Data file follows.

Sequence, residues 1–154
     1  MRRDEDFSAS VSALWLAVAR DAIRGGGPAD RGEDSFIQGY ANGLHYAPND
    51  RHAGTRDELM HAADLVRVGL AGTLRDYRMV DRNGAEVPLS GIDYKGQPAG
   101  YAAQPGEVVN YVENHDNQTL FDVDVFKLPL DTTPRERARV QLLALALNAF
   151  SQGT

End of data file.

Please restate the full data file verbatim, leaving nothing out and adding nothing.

Sequence, residues 1–154
     1  MRRDEDFSAS VSALWLAVAR DAIRGGGPAD RGEDSFIQGY ANGLHYAPND
    51  RHAGTRDELM HAADLVRVGL AGTLRDYRMV DRNGAEVPLS GIDYKGQPAG
   101  YAAQPGEVVN YVENHDNQTL FDVDVFKLPL DTTPRERARV QLLALALNAF
   151  SQGT